Sessions

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  1. Building the Physical Web together

    How can we, as the web community, build the next generation of the web, the Physical Web, together?

  2. Self-hosted JS

    The parts of V8 and SpiderMonkey that are actually written in JS. Let's implement an ES.next feature in JS, during the talk!

  3. Moving through seamlessly through offline and online

    Unlike the always-wired machines of the past, computers are now truly personal, and people move through online and offline seamlessly. We'll explore how and why our apps should do the same, using Hood.ie and offline-first principles to do it in record time.

  4. Navigating Open Source

    Distributed, Non-Profit, Sustainable and Open Source: Ghost does nothing the easy way. Discover why the project made these choices and how they're creating a community and shipping code in the open.

  5. Getting Close with the Web

    The web platform allows us to interact with people on the other side of the planet, but in what other ways can we use it when our devices are right next to each other?

  6. A Single Page Story

    Single page apps have become a legitimate part of the web, but what role should they play? Where do they shine? Where do they fail? How should we think about them and how can we evaluate tools for building them? Henrik will opine on the tradeoffs of abstractions and frameworks and share &yet's impetus for creating Ampersand.js.

  7. Lean Mean CSS Machine

    A day shouldn’t go by without you removing something. Design techniques and front-end optimization comes together in a behind-the-scenes look at what tools and techniques GitHub uses to make sure things render fast, with as little code as possible, and consistently.

  8. Tools for the 21st century musician

    In this talk we'll learn how Web Audio works and how we can use it to design and play sounds with incredible accuracy, which enables us to create our own real-time instruments and interactive experiences. We'll also identify the ferocious gotchas that are waiting to bite you when you least expect them, and gain valuable Web Audio debugging skills using Firefox's developer tools. At the end of the talk you'll be all set in your path to become 21st century music pioneers—or at least have a ton of creative fun!


Workshop 1

Sold OutIncludes Conference Ticket

Debug, and Know Thy Tools

Remy Sharp
6th Nov 2014, 09:00 — 17:00

Sure, you've moved past alert debugging and discovered console.log, but did you know you can replay XHR requests instead of having to repeat your steps to make the request? Or that you can proxy your local server through a browser configuration so your mobile phone can see it? This workshop is dedicated to learning the native developer tools baked in to the browser to make our life a little more bearable.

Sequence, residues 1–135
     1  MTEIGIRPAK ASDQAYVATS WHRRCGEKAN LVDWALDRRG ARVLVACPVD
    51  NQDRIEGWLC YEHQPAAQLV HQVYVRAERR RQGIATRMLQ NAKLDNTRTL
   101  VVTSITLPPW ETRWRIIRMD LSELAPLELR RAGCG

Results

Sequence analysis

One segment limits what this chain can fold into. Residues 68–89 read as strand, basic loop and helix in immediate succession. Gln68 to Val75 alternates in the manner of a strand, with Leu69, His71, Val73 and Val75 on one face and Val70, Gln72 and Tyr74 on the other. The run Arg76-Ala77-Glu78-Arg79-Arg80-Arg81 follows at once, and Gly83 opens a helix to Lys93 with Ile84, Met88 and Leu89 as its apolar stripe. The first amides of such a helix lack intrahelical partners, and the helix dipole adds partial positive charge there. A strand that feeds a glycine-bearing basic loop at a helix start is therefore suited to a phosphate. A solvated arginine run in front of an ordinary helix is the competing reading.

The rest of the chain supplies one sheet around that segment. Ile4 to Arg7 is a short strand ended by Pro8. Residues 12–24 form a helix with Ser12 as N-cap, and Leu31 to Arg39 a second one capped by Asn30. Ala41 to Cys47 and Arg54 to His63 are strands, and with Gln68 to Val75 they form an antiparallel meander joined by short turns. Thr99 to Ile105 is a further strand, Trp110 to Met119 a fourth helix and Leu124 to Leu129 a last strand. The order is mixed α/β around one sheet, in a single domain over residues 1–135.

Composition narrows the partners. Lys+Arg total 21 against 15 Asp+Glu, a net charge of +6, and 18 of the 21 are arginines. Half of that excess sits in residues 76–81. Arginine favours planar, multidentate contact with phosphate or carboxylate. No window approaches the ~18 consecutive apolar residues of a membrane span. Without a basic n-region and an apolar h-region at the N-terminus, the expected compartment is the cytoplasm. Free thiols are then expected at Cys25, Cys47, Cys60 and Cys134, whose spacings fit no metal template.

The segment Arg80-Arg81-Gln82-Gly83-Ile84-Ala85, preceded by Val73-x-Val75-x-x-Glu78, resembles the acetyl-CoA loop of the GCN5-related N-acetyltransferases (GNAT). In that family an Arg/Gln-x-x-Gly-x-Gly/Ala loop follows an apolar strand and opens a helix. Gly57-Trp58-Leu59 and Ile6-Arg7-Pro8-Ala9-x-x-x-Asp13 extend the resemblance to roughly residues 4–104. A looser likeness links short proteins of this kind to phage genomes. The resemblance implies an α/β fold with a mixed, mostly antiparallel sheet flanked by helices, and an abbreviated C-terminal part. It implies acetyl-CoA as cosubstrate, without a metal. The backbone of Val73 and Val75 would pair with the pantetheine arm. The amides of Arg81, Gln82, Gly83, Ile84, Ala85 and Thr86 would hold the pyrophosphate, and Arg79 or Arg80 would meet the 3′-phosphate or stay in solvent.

We will look at features of Chrome DevTools, what's available in Firefox debugging suite. We'll also look at remote mobile debugging using native tools and also look at the alternative tools where native support isn't available.

The workshop will mostly be about the foundation of debugging techniques, which apply way beyond just a single browser's debugger tool, but will raise your expectation of all web debugging environments.

  • Console: Power features beyond console.log
  • Network: What's slow, why and the detail behind a request
  • Source: How to make DevTools your development IDE
  • Performance: How to read and investigate rendering issues
  • Mobile: Using the tools you know to debug tiny machines

Workshop 2

Sold OutIncludes Conference Ticket

Testing for Front End Ops

Brian LeRoux
6th Nov 2014, 09:00 — 17:00

Testing does not guarantee high quality software, however, it improves the chances in creating it. Testing verifies your software continues to work after a quick hack and gives you an easy escape hatch when it does not. Testing tells the world your code does the things you intend it to do building confidence in those whom will ultimately use it. Most importantly, testing builds your own confidence as you progress into your problem domain.

Professionally developed and maintained codebases have tests and run them continuously. Organizations adopting software rightfully expect a test suite and often will want to run it themselves too. Organizations implementing code traditionally siloed quality assurance from development and often let the former slip in preference to a looming, oft artificial, deadline. And those projects usually failed.

Software earned a reputation for failure but this is no longer a necessary risk. With modern advancements in testing, continuous integration and practicing continuous delivery you can mitigate technical challenges in releasing, creating value for your organization, and ultimately turning that value into tangible revenue. These practice have evolved the simple web developer into a dangerously powerful new superhuman role known as Front End Ops.

Mitigating downtime due to a JavaScript error is the quiet achievement of Front End Ops but there is a more compelling story. You can measure the value you are creating and you can adjust the targets to improve it. A simple performance test that catches a regression in page load. Page load very often translates directly to revenue. Discovering an optimization that will translate to direct revenue earnings is a very convincing bullet point when asking for your next raise.

  • Concepts: Truthiness, performance, coverage & continuous integration
  • API First! Testing HTTP Endpoints: Local builds, TAP & Tape, Mocha & Chai
  • Testing Front End JavaScript: Browserify, ES6 modules, Browsers, Mobile devices and emulators
  • Testing CSS and HTML: Removing unused CSS, telemetry: load, paint, fps & automation
  • Comprehensive: Reporting, remote debugging, monitoring, security & integrity


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